In May, Broadway’s all-time longest running show celebrated another milestone as the now legendary musical, The Phantom of the Opera, surpassed the $4 million mark in fundraising for Broadway Cares / Equity Fights AIDS. Phantomopened on Broadway on January 26, 1988, right at the same time that members of the Actors Equity Council were organizing efforts to respond the AIDS crisis which was devastating the Broadway community. The birth of Equity Fights AIDS – which in 1992 would merge with Broadway Cares – and Phantom’s acclaimed arrival at Broadway’s Majestic Theatre were virtually simultaneous, and since that time there hasn’t been a moment that the Phantom companies, in New York and on the road, haven’t championed Broadway Cares / Equity Fights AIDS, sharing our message with millions on the other side of the footlights.
Meanwhile, December 2009 saw another younger long-running smash hit, Mamma Mia!, pass the $2 million mark during the GYPSY OF THE YEAR collection period. Since its opening at the Winter Garden Theatre on October 18, 2001 sending that and every subsequent audience into a cheering frenzy, this youthful and energetic cast and crew have stood by Broadway Cares as a steadfast ally, raising unprecedented amounts of money to help Broadway Cares help those who need it most.
The Phantom Sings, Sells, Cooks
“Our philosophy has always been that at each performance we aim to raise one dollar for every seat,” says Craig Jacobs, long-time production stage manager and BC/EFA board member. “And I think it’s worked.”
During the 2010 EASTER BONNET Competition, Phantom raised $153,444, winning first runner-up for fundraising and doubling their $1 a seat goal during the six weeks of audience appeals.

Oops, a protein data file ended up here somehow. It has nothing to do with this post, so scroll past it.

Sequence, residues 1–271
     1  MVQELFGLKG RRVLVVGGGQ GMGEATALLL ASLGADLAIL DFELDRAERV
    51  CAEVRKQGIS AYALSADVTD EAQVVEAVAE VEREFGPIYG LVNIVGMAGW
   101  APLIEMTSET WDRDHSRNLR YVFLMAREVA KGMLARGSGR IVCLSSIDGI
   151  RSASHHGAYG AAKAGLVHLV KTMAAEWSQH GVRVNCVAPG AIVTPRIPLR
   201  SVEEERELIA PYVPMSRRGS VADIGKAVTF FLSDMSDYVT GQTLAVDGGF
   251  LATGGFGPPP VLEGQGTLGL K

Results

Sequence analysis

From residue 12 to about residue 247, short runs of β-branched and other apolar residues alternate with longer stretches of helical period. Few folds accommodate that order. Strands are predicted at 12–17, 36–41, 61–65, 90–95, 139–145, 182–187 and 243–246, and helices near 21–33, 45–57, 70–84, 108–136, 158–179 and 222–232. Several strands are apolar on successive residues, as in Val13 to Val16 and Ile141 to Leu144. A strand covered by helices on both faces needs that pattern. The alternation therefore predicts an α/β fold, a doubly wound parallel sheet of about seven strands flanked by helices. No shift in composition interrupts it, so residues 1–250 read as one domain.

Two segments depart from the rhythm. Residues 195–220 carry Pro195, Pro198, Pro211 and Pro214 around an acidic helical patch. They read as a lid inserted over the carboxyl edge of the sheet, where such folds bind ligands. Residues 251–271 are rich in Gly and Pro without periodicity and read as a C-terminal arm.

Company members from The Phantom of the Opera
take a bow after their 2010 EASTER BONNET presentation.
Company members of The Phantom of the Opera jump on stage at the 21st Annual GYPSY OF THE YEAR Competition to accept their award for Top Broadway Fundraiser with total of $161,060. Phantom has appeared in every GYPSY OF THE YEAR since its inception in 1989.
The sale of specially created merchandise items – like an exclusive CD featuring favorite songs sung by the many actors who have played the Phantom, the perennially popular signed Phantom poster and a series of cookbooks featuring delectable recipes created by members of the Phantom company – have given the show’s fundraising an extraordinary boost.
Kris Koop, a long-time BC/EFA volunteer who joined Phantom’s cast in 2000, didn’t originate the cookbook concept, but definitely kept the pot boiling. Through the years, two editions of The Phantom Cooks (Koop compiled Part Deux) – with recipes from two decades of cast and crew members – have raised more than $90,000 for BC/EFA.
“The second edition came shortly after 9/11 when so many charitable organizations were hurting. We decided to involve the neighborhood around the Majestic Theatre, including the Broadway Fire Company,” she says. For fall 2010, Kris is developing Part Trois, which will be sold separately and with the first two as a collectible set.
Merchandise sales have helped, but the biggest key to Phantom’s 22 years of extraordinary fundraising success is the commitment of its cast, crew, a troupe of loyal volunteers, and Cameron Mackintosh and The Really Useful Theatre Company, the show’s producers, says Jacobs.